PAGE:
Virginia health insurance premiums are still too high for many customers, report finds

Subsidies have expanded under the American Rescue Plan, but enrollment is expected to drop again unless the state can lower costs
Published: Nov. 17, 2021 at 12:22 PM EST
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Nearly five years after changes to the Affordable Care Act, Virginia is still struggling to control the cost of premiums on the individual health insurance market.

A new report presented Tuesday to the state’s Joint Commission on Health Care found that the average cost of silver plans, a mid-tier option that generally includes some out-of-pocket costs, increased by nearly 60 percent between 2016 and 2021 — raising the monthly price by more than $200 for most customers.

The average cost of premiums for bronze and gold plans also went up, increasing a little more than 37 percent for bronze and 25 percent for gold.

Over the same period, enrollment in Virginia’s health care marketplace dropped by just over 20 percent. And prices remain high even though the cost of premiums has generally lowered over the course of the pandemic — driven by lower-than-normal use of medical services. Without state intervention, analysts warn that participation may continue to drop over the next few years as people struggle to afford higher premiums.

“Average adult costs have increased significantly,” said Stephen Weiss, a senior health policy analyst for the commission. “And even though there’s been some decline, it’s not enough to offset the impact of those increases.”

Most of the changes in enrollment, and costs, can be traced to actions on the federal level. In 2017, Congress eliminated the individual mandate, a key provision in the Affordable Care Act that required most Americans to enroll in health insurance. While its removal didn’t lower market participation as dramatically as many experts expected, the uncertainty drove up the cost of premiums — especially in Virginia, where the average monthly price of silver plans rose by more than $300 between 2017 and 2019.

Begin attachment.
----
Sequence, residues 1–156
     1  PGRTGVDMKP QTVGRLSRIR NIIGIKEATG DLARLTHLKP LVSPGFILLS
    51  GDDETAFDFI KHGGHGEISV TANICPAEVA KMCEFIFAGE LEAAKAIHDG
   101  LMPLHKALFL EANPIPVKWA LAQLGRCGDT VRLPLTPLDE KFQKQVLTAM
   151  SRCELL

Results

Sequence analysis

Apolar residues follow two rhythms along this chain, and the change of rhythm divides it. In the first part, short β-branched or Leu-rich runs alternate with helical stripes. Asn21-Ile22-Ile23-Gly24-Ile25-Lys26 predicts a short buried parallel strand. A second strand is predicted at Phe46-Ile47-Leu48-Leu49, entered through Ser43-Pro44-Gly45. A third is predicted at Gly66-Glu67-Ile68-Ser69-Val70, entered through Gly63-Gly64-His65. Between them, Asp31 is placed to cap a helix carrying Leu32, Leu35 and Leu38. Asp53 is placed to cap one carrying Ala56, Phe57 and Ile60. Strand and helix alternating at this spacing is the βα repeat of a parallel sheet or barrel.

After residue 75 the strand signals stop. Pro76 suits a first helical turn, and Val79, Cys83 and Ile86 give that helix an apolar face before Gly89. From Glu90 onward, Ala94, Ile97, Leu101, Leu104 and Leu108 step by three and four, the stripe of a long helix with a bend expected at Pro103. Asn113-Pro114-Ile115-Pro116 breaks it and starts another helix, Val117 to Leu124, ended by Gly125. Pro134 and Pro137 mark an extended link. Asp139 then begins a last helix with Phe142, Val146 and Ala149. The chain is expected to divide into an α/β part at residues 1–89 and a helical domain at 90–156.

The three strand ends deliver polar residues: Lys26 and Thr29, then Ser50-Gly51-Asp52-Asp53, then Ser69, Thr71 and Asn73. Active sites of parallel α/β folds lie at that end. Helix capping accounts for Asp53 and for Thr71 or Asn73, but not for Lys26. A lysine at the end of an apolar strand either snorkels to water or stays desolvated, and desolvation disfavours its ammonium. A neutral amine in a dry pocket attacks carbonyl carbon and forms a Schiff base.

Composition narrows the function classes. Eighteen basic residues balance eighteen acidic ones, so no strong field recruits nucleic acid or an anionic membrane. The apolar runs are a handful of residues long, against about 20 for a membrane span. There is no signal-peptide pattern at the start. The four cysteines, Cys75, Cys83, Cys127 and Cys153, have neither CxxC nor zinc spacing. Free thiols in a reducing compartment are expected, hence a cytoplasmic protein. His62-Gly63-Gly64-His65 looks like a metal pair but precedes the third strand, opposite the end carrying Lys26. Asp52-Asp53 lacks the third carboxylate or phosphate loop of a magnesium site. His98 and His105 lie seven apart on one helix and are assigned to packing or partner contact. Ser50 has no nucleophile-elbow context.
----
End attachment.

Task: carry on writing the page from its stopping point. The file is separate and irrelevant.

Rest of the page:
The same year, the federal government stopped paying insurance companies directly for subsidies offered to many low-income customers. As a result, many carriers incorporated those costs into their premium rates. As prices began to rise, state analysts found that younger, healthier people began to leave the market.

Over the last five years, enrollment drops have been the sharpest among Virginians aged 18 to 34. Medicaid expansion has contributed to some of the losses as more low-income people qualify for government-provided insurance. But among residents who aren’t eligible for the program, Weiss said many have downgraded to bronze plans or left the health care marketplace altogether.


.(Virginia Mercury)

The Virginia Mercury is a new, nonpartisan, nonprofit news organization covering Virginia government and policy.

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